“We started on a shoestring, $2,000 bequest from the late Michi and Walter Weglyn, that we nursed … to shoot the initial interviews with the resisters all in one sitting in a friend’s dance studio in Los Angeles. I suppose the secret for staying on budget was simply that no one got paid for their time. We couldn’t have done it without the active interest of a friend from KIRO-TV, Northwest Hall of Fame videographer Phil Sturholm.”

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Frank Emi (right), leader of the Heart Mountain Fair Play Committee, with supporter Kozie Sakai, in a 1944 photo taken at the height of the draft resistance movement. (Photos from resisters.com)

Grants from the Civil Liberties Public Education Fund and Independent Television Service in San Francisco eventually followed. Notable film editor Lillian Benson worked over the raw footage.

“[Benson] took our footage and our script, which was laid out in linear form like a book, and turned it inside out to make our film a real movie,” said Abe. “When she screened her first rough cut for me, I kept seeing shots and images I’d never seen before. I asked her where she got them and her answer was always, ‘It was in your footage.’ That was the value of bringing in a fresh set of eyes.”

Abe just released a two-disc DVD set, containing the original hour-long film, plus an enormous amount of outtakes and supplemental material. Taken together, one disc at a time, the longer story broadens and deepens the original shorter take. The package forms a fascinating home-study course in Asian American history, and the ongoing struggle for equal rights, civil and otherwise, for any American, skin color aside. (end)

For information on the “Conscience and the Constitution” DVD set and the resisters of the camps, visit Frank Abe’s website at www.resisters.com .

Andrew Hamlin can be reached at info@nwasianweekly.com.

Posted in At the Movies, Vol 31 No 11 | 3/10-3/16Comments (2)

New [old] International Children’s Park to bring generations together

New [old] International Children’s Park to bring generations together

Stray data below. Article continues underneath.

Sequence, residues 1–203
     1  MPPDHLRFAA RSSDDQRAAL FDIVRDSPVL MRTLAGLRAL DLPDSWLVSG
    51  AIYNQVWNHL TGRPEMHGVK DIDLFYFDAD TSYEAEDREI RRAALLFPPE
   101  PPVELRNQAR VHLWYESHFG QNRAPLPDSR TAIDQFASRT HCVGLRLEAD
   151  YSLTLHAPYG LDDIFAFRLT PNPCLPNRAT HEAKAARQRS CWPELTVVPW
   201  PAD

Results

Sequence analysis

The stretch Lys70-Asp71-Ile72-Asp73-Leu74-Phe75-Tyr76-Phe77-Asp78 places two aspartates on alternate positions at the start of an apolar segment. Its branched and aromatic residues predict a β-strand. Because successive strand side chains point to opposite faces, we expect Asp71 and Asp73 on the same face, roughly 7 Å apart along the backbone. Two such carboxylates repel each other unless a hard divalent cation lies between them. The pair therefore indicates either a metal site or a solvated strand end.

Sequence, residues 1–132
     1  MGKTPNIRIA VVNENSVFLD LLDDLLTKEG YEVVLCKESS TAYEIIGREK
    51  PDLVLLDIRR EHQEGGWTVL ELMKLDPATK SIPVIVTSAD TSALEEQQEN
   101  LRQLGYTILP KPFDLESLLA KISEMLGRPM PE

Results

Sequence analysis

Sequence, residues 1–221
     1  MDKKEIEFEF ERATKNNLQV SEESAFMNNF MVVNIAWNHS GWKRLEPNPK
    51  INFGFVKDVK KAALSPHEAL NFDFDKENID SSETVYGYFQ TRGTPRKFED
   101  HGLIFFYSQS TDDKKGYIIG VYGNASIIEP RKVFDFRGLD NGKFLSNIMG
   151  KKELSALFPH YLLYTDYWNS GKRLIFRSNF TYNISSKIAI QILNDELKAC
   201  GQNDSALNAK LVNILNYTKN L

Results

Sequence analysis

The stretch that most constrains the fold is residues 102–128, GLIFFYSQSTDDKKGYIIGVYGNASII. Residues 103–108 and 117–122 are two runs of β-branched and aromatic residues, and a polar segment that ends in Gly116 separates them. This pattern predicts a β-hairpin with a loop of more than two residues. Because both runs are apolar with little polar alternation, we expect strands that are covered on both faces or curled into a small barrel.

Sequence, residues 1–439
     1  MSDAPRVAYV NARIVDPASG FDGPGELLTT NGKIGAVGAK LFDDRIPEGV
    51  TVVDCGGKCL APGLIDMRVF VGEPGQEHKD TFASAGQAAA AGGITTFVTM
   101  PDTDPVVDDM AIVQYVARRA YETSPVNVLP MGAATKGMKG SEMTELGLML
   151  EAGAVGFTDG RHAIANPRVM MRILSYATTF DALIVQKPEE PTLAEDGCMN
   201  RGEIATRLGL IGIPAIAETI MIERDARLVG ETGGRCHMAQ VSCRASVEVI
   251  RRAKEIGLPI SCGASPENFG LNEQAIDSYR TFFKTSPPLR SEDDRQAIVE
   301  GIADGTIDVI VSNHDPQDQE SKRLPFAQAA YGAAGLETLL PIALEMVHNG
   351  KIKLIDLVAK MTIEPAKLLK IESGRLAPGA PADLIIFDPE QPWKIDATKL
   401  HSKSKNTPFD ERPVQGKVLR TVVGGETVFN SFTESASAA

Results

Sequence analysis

By Stacy Nguyen
Northwest Asian Weekly

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At the grand re-opening of the International Children’s Park on March 3 (Photo by Rebecca Ip/SCP)

In the 1970s, in the area now known as the International District, there was a small bit of land owned by Dennis Su in the middle of the dense urban area, surrounded by brick buildings filled with residents and local businesses. Read the full story

Posted in Community News, Vol 31 No 11 | 3/10-3/16Comments (0)

New city office created to aid immigrants

New city office created to aid immigrants

By Jeffrey Osborn
Northwest Asian Weekly

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Councilmember Bruce Harrell

Many Americans never face the struggles and hardships of immigration. They never leave their nation due to political strife or military uprising. Read the full story

Posted in Community News, Vol 31 No 11 | 3/10-3/16Comments (1)

Goodbye, David Ishii, city’s ‘community baby’

Goodbye, David Ishii, city’s ‘community baby’

By Jean Godden
For Northwest Asian Weekly

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David Ishii (Photo by Tom Reese/The Seattle Times)

There are books of mine that, when I page through them, I can’t help remembering where I acquired them. And, if the book is a fine Northwest classic, perhaps signed by the author, I will remember with pleasure that I bought it from David Ishii, the legendary bookseller of Pioneer Square, who passed away last week. Read the full story

Posted in Community News, Profiles, Vol 31 No 11 | 3/10-3/16Comments (1)

Film lets ‘bullets’ fly, but the result is a confusing 132 minutes

Film lets ‘bullets’ fly, but the result is a confusing 132 minutes

By Andrew Hamlin
Northwest Asian Weekly

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By the time the viewer is 20 minutes into director Wen Jiang’s new Chinese historical comedy “Let the Bullets Fly,” the legendary bandit “Pockmark” Zhang (played by the director himself) is impersonating the local governor.

Actually, another con man (played by You Ge) was impersonating the governor first. But Zhang waylaid the first fraudster and bullied him into impersonating the governor’s sidekick, not the actual governor.

Zhang has his own reasons for pretending to be a politician. They involve getting up close and personal to crime boss Master Huang (played by legendary Hong Kong actor Chow Yun-Fat). But Master Huang, who for all intents and purposes controls the local Sichuanese landscape, isn’t easy to get to know. For one thing, he employs a body double (Chow Yun-Fat again), and you can never tell whether you’re speaking to the one and only Master Huang. Read the full story

Posted in At the Movies, Vol 31 No 11 | 3/10-3/16Comments (0)

EDITORIAL: Miss Seattle bashes Seattle. What’s the appropriate response to this?

Last Saturday, Jean-Sun Hannah Ahn was crowned Miss Seattle. Ahn was born and raised in Seattle, but went to college in Arizona. There, she was crowned Miss Phoenix. Since graduating, she has moved back to her hometown. Read the full story

Posted in Editorials, Vol 31 No 11 | 3/10-3/16Comments (0)